For me the answer to the question of whether abortion is right or wrong depends on the ontological status of the fetus. Is a fetus the kind of being that has a right to live or is it not? I don't know. How on earth can I know that? If I knew then I wouldn't be an agnostic on this issue. Most people, if I am not mistaken, take it for granted that a new born baby has the kind of being that gives it the right to live. So what reason is there to think that a young baby has the kind of being that gives it the right to live? What about an older baby or an adult...if we can stretch this question to its limits.

Ontology is always in the mind of the person contemplating the nature of being, so I applaud your agnostic stance. Beneath your question lies a very important question: what is the role of science in philosophy and morals? Our ability to visualize the tiniest gametes meet to form a zygote is a wondrous thing indeed. But science cannot provide ontological insight on the matter; it can only trace its trajectory toward becoming a fetus or not based on conditions in the uterine and hormonal environment. The fetus (9 weeks gestation and beyond) has overcome many obstacles, but again, its ontological status is elusive at best. I don't believe "potentiality" can be a claim of ontological status, but I'll defer to my colleagues who study Aristotle or Thomas Aquinas and Natural Law. But it seems to me there is a very risky step made by those who would accord person-hood status to the fetus. What is the presumption? Because science can observe the various stages of embryonic development, we suddenly "know"what a person is? The isolation of a fetus from all the relational complexities that being persons entails seems a barren abstraction and a pretense of knowing far beyond our ken. This is not to say that one should not care about the unborn but rather we should not stake our values on visuals.

Your questions raise a host of difficult issues. What gives anything a right to life? In other words, what in general (if anything) about an individual makes it morally wrong for others to end its life? I've never seen a satisfying answer to that basic question. Does an individual's right to life inhere in the individual, or does it instead depend on the individual's relations to others? Prof. Manter referred to "all the relational complexities that being persons entails." If by "persons" she meant "beings with a right to life" and if by "entails" she meant some kind of logical implication (and it's possible she meant neither), then she's implying that a right to life doesn't inhere in the individual. I'm not sure I'd accept that consequence. Suppose you become a hermit and totally disconnect because you're tired of other people. If you had a right to life before you chose total isolation, then I'd say you still have it, and it would be at least presumptively wrong for any of us to kill you. Or suppose you're the last human being alive on earth. If you had a right to life before the rest of humanity died off, you still do, and it would be at least presumptively wrong for an intelligent alien to beam down and kill you.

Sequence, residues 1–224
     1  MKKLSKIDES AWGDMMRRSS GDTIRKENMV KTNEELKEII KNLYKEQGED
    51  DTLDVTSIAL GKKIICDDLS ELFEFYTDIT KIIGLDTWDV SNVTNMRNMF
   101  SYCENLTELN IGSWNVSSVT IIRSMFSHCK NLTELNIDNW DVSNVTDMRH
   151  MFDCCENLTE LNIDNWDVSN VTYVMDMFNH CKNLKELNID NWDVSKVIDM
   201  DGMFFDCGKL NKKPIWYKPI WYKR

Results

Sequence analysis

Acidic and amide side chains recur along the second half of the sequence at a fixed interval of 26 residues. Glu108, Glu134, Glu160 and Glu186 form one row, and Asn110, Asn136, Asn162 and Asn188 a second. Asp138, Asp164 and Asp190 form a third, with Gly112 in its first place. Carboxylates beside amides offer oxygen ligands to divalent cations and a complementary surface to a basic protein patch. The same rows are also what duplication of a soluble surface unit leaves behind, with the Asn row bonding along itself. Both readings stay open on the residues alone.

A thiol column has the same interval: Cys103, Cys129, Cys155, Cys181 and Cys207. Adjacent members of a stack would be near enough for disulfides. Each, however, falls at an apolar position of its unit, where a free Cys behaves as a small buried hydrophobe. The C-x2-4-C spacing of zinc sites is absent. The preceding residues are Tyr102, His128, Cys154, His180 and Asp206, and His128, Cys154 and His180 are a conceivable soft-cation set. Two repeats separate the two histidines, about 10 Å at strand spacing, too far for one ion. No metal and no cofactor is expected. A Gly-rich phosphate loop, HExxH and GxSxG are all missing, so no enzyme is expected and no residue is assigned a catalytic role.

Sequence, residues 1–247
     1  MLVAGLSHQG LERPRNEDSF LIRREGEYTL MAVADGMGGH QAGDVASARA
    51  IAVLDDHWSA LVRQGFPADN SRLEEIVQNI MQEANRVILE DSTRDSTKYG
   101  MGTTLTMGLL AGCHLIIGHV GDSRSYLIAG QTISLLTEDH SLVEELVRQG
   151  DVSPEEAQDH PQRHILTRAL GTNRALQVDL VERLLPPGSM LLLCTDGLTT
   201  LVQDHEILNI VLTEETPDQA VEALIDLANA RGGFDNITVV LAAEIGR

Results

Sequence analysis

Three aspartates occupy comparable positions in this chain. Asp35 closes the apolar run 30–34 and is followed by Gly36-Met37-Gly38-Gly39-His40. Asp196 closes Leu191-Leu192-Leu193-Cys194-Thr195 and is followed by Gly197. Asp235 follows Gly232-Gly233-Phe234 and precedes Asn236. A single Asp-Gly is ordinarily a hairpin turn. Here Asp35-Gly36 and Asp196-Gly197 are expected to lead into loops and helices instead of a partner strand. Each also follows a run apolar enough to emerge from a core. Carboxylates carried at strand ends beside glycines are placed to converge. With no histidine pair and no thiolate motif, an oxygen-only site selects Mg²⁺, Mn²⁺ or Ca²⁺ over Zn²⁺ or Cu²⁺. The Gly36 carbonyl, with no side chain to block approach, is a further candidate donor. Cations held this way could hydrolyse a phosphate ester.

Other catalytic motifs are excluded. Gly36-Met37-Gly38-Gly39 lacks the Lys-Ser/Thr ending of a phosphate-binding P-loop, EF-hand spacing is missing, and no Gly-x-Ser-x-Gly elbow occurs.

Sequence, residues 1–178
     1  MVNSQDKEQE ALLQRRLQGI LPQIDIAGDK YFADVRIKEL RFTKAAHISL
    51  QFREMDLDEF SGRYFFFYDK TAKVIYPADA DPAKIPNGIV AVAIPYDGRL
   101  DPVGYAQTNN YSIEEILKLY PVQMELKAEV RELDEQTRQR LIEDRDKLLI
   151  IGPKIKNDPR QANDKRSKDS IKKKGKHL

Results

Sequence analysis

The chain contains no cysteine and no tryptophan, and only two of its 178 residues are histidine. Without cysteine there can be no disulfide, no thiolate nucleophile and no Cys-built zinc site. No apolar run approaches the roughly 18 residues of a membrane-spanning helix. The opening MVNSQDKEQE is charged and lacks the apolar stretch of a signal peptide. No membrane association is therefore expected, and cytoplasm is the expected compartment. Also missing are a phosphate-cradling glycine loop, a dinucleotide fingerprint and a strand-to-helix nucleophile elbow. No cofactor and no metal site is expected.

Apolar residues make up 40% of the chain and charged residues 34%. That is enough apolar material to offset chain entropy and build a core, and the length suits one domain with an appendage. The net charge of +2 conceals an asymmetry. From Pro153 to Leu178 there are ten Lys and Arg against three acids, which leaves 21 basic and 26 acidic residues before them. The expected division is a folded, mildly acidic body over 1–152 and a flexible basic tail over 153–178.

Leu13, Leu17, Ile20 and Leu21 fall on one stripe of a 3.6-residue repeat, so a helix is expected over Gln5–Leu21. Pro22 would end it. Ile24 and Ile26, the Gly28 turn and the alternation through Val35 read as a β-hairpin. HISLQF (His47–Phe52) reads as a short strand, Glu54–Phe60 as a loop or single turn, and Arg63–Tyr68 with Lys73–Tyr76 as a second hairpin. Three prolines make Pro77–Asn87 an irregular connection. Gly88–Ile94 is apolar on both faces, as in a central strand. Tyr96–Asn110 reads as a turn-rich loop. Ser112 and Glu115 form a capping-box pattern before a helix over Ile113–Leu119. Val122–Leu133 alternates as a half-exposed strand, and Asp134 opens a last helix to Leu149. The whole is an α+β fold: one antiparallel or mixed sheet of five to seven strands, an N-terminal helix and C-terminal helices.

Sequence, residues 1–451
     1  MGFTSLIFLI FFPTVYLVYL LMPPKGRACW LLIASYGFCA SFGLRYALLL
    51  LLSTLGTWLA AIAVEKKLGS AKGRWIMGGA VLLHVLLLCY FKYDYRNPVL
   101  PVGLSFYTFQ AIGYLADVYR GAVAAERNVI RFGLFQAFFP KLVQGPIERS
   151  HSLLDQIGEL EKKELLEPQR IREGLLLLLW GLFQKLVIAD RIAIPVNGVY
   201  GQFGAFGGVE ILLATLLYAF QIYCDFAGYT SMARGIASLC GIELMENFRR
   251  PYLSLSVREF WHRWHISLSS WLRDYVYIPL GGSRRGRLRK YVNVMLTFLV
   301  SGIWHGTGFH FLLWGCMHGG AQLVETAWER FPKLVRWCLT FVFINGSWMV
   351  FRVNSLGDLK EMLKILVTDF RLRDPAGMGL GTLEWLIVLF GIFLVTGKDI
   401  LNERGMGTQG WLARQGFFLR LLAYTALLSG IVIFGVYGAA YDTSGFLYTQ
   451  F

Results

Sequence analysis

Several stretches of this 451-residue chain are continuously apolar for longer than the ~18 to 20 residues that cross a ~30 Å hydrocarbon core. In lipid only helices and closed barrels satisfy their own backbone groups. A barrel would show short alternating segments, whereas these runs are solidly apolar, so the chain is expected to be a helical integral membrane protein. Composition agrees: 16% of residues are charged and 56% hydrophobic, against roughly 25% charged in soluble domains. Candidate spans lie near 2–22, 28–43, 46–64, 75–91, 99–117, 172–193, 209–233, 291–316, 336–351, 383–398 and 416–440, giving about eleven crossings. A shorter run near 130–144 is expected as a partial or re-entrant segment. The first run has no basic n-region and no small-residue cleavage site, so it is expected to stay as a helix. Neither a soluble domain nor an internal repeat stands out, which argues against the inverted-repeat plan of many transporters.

I should note that some philosophers explicitly reject your assumption that the morality of abortion depends on the ontological status of the fetus. Most famous among them is Judith Jarvis Thomson (see "A Defense of Abortion," 1971). According to Thomson, even if fetuses have an undoubted right to life, abortion is still morally permissible in at least the great majority of cases.

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